Wookey Hole Week-day Schools, in the Out Parish of S. Cuthbert, near Wells, Somerset. Erected in 1871 by Messrs W.S. Hodgkinson & Co., for the Education of the Children of those employed in their Paper Works, and of others resident in the immediate neighbourhood.

Non nobis, Domine, non nobis; sed Nomini Tuo da Gloriam. Amen.

April 1st, 1872

I, John James Aris, certificated Master, trained at Battersea in 1854–5, and late Master of Boughton Monchelsea National School, near Maidstone, Kent, having been appointed Master of the above Schools, enter upon my duties today, and upon the firm foundations of Faith, Hope and Love lay this the first stone of my “Honourable Monument”

 

On April 1st, 1872, Easter Monday, Mr Aris formally took charge of the school with his son John James Alexander and his daughter Ellen Sophia as monitor and monitress. The opening ceremony, presided over by the Rev. John Beresford, Vicar of St Cuthbert, Wells, included Bible readings, singing, prayers and presentations. The next day there was a tea with magic lantern slides for the children. On April 8th the school opened with ninety children, 48 boys and 42 girls, 53 over seven years of age and 37 under. Although Mr Aris was not impressed with the attainments of his new pupils he found them to be generally quick and keen to learn. Many had had little or no previous education.

 

The school log book for the next few years records comings and goings, children absent from school because of accidents, illnesses, including mumps, measles and scarlet fever or because they were needed to help with farm work. The Hodgkinson family kept a close eye on their school, with Mr Hodgkinson and other members of the family paying regular visits. Mr W.S. Hodgkinson Jnr. occasionally helped out with teaching if there was a crisis. Regular visits by the Diocesan Inspector resulted in good reports while noting that the large numbers of Non-Conformists in Wookey Hole inhibited the teaching of the Catechism. Well earned punishment of unruly boys, usually “a stripe on the hand”, but sometimes “a good caning”, often resulted in angry visits from mother or father, sometimes threatening physical violence. “So much for the co-operation of parents” is a regular comment in the log book. One boy is recorded as having “put the boot in” to the headmaster. Regular inspections by H. M. Inspectors of Schools resulted in grants based on attendance and the numbers of pupils passing assessments in reading, writing and arithmetic. School numbers were very variable. It was easy for paper-makers to move between mills and families seemed to have an unfortunate tendency to leave just before an inspection resulting in a lower grant to the school. Inspection reports were generally good.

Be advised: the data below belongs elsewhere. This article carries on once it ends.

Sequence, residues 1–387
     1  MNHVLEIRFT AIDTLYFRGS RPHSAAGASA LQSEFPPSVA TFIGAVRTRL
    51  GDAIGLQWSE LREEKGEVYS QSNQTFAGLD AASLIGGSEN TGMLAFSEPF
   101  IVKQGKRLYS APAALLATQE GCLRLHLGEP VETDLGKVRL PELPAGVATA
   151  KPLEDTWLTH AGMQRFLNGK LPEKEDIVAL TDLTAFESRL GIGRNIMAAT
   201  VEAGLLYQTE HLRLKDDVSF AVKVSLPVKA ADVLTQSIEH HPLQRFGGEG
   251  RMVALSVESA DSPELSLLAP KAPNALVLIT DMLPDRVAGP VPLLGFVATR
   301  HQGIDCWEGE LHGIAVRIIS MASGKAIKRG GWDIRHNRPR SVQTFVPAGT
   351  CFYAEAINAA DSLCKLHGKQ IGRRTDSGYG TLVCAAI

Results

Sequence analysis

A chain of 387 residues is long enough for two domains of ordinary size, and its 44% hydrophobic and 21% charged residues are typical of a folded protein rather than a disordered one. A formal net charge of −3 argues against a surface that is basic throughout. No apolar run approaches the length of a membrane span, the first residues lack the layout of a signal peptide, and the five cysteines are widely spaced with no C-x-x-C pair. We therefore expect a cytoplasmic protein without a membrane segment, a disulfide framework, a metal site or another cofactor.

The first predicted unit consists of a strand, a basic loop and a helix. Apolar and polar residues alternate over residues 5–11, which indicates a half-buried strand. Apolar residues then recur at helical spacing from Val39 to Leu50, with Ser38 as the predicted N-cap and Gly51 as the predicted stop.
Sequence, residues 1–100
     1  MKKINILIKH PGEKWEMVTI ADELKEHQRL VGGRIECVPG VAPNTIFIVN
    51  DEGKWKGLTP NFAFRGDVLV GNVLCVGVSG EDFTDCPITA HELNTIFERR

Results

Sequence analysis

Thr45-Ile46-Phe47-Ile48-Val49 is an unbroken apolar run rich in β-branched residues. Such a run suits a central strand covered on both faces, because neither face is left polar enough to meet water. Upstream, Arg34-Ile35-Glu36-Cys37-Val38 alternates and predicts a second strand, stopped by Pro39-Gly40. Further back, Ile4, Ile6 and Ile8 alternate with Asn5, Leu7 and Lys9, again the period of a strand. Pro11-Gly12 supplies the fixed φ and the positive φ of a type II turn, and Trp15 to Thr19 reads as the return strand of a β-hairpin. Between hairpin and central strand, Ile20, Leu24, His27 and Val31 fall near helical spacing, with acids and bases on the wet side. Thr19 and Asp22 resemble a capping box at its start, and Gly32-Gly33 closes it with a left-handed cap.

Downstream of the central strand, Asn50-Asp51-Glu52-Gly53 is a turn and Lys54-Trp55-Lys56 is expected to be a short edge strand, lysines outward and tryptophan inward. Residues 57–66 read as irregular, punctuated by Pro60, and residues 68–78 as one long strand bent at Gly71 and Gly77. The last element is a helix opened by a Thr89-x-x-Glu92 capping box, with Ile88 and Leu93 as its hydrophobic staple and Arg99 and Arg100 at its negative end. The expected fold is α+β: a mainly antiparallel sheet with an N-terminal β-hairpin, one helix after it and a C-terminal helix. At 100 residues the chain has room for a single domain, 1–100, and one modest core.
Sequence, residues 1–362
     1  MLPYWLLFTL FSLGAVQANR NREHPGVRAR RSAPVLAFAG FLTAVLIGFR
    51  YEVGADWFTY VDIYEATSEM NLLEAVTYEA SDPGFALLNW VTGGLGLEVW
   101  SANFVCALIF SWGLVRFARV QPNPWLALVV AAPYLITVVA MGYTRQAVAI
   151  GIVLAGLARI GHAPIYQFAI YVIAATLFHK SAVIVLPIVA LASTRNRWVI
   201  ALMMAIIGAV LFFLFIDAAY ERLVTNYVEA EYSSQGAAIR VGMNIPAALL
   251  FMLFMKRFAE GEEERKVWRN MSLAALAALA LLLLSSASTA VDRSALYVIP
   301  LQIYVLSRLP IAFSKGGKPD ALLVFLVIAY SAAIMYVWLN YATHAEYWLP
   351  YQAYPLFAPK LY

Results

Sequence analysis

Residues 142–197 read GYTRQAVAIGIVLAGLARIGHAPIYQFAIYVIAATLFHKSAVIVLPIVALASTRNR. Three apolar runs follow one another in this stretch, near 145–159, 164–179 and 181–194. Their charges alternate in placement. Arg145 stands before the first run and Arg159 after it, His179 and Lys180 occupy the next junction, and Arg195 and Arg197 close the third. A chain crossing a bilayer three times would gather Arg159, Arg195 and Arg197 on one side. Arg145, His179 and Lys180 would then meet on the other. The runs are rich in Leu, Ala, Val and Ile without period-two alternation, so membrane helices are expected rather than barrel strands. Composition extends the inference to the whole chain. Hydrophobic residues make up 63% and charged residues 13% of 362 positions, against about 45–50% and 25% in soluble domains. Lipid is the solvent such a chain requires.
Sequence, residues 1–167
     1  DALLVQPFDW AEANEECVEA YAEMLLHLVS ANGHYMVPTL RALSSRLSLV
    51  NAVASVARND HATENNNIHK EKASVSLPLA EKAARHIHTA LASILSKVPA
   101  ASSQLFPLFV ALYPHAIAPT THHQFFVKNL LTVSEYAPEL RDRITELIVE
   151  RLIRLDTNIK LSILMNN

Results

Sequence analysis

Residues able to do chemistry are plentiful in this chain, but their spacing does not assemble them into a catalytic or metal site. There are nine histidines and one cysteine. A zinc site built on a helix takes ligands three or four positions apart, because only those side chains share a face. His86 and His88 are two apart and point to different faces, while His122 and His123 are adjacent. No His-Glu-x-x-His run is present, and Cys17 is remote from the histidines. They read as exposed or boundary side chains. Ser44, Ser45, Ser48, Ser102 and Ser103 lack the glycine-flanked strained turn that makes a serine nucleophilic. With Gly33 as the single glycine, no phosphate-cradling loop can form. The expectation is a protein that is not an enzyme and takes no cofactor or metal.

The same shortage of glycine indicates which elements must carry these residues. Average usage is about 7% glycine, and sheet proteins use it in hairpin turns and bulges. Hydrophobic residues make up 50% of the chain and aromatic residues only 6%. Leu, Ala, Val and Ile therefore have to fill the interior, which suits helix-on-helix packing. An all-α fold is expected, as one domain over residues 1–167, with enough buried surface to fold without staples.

The log book entry for Jan 18th, 1876 records “It is with deep regret that I make the following entry: Mr Hodgkinson, the owner and principle manager of this school, died this morning at Folkestone.” On Nov. 9th, 1877, Mr Aris handed in his resignation, to take effect from March 31st, 1878. He stated that he was being asked to perform too many extra duties: play the harmonium in church, train the choir, superintend the Sunday School, take charge of the night school, organise and attend entertainments and conduct the Glee Club. In December 1877 Mr Aris was taken ill with rheumatic fever. J.J. Aris, now an assistant master at St Mary Redcliff Boys School, temporarily took over the running of the school. On Jan 7th, 1878, the school was closed to allow Mr Aris “perfect quietude”, and on Jan 11th he died. In five years the school had lost its founder and its first headmaster, but they had laid the foundations of what was, and remained, a popular and high-performing school. Mr J.J. Aris ran the school until the end of May 1887.